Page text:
ABU DHABI // When Ahmed Al Hashemi renewed his passport, he left the government office one letter lighter. Now he is Ahmed Al Hashmi.
The 29-year-old Emirati did not notice he was missing an "e" until he arrived home and looked at the document.
He is one of many UAE nationals in the past two years who have left the passport office with a changed transliteration of their names.
The differences are minor: a letter removed, a rearrangement of vowels - but the effort to standardise a chaotic system has implications and benefits for national security, banking, travel, property ownership, medical records and more.
"We were told it was a government policy to unite all the family names to make it easier for them when they collect data," said Hamda Al Mheiri, formerly Al Mehairi, an Abu Dhabi resident whose spelling was changed when she renewed her passport a few months ago.
A Ministry of Interior spokesman said there was a committee to address the issue, but declined to comment further.
At the heart of the issue is that Arabic contains characters with no Roman equivalent, and has a different vowel system. As a result the same name can be spelled in different ways in Roman letters, even within the same family. Previously, Ms Al Mheiri and her father had used the name Al Mehairi, while her brother had used Al Muhairy. The inconsistencies in Romanised spellings can lead to numerous problems for government officials and for ordinary people, said Dr Sattar Izwaini, assistant professor of translation at the American University of Sharjah.
Keen to solve the problem, Dr Izwaini and Dr Abdulrahman Al Hashemi organised a symposium on the issue in 2009, calling for a unified system. Neither academic is connected with the committee overseeing the process.
"We have to have a standard," said Dr Al Hashemi, learning and development adviser for the National Drilling Company. "Don't leave it like this, it's really confusing."
Participants in the symposium recommended a phased implementation plan with research, education and publicity.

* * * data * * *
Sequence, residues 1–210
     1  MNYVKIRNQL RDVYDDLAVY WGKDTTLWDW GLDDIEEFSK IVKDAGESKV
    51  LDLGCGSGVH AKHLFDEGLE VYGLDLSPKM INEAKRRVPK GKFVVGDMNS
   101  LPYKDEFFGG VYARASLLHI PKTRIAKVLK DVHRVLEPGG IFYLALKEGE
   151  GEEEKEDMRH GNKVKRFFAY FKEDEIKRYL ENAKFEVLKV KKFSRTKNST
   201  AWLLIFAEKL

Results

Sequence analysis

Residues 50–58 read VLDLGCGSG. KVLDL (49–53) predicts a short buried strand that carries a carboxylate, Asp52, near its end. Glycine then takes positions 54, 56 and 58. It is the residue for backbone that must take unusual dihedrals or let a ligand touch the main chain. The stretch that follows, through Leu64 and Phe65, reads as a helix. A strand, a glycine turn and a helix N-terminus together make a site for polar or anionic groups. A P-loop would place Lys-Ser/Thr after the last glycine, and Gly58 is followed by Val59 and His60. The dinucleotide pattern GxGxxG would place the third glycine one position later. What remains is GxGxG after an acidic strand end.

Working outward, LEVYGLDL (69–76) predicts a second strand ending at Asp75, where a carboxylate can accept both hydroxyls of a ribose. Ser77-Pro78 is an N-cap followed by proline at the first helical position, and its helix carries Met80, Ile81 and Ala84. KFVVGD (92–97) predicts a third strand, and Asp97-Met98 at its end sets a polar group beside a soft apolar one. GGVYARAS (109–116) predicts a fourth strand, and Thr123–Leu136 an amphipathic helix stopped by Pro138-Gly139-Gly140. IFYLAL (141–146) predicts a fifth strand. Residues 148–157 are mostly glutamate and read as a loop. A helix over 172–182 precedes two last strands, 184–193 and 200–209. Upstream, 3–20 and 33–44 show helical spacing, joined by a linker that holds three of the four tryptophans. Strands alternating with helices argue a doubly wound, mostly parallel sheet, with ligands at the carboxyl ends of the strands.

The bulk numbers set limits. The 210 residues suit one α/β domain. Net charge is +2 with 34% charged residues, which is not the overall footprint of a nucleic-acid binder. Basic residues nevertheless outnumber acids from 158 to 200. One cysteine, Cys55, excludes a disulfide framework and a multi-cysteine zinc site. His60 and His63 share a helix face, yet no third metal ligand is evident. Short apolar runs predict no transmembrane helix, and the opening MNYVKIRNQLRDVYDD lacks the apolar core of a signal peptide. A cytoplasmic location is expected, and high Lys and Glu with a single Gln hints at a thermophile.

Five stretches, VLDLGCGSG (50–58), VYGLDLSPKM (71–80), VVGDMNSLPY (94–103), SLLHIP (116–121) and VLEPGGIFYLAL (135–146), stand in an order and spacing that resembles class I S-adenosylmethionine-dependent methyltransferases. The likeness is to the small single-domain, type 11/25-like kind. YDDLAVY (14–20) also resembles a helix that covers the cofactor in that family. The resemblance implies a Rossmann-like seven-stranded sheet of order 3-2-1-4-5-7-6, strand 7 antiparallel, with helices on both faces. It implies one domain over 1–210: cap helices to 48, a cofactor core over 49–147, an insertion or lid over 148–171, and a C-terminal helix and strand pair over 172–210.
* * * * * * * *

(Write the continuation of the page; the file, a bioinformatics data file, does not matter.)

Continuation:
The implementation of the spelling changes on Emirati passports was something of a surprise.
Dr Al Hashemi noticed it when he renewed his own passport; technically he is now Dr Al Hashmi.
"I am not quite sure if this standard is sustainable or not," he said. "This is an area of challenge and it has to be thoroughly discussed by linguists, translators, anthropologists, sociologists."
Dr Izwaini said it was good that authorities recognised the problem and had set out to solve it.
For some, the change is welcome. "I totally agree with it," said Ms Al Mheiri. "Even when we travel, sometimes the father's name is different from the children's spellings. So now when we have one spelling it solves many problems."
The changes create challenges for Emiratis with visas or official documents that carry their name in Romanised form.
When Omair Al Seiari - formerly Al Sayari - renewed his passport in 2011, he was also applying to business schools in the United States. He had already taken the GMAT entrance exam.
"My GMAT scores had a different last name from my passport," said Mr Al Seiari, 32, a chemical engineer from Abu Dhabi. When he explained the reason, no one was convinced.
"When a new baby is born, it's easier to accept. But for adults who have degrees, drivers' licences, established identities in different countries in different parts of the world, it's really hard to explain, 'Oh, the government changed the spelling of my last name'."
It is believed that Emiratis with specific visas or otherextenuating circumstances may be exempt from the changes.
Mr Al Hashmi has not run into problems yet. He still spells his name "Al Hashemi" in informal contexts and he has not changed his other documents, although he believes he will have to do so eventually.
* The article has been corrected since it was first published to make it clear that it was Mr Ahmed Al Hashmi who was being referred to in the last paragraph, not Dr Abdulrahman Al Hashemi.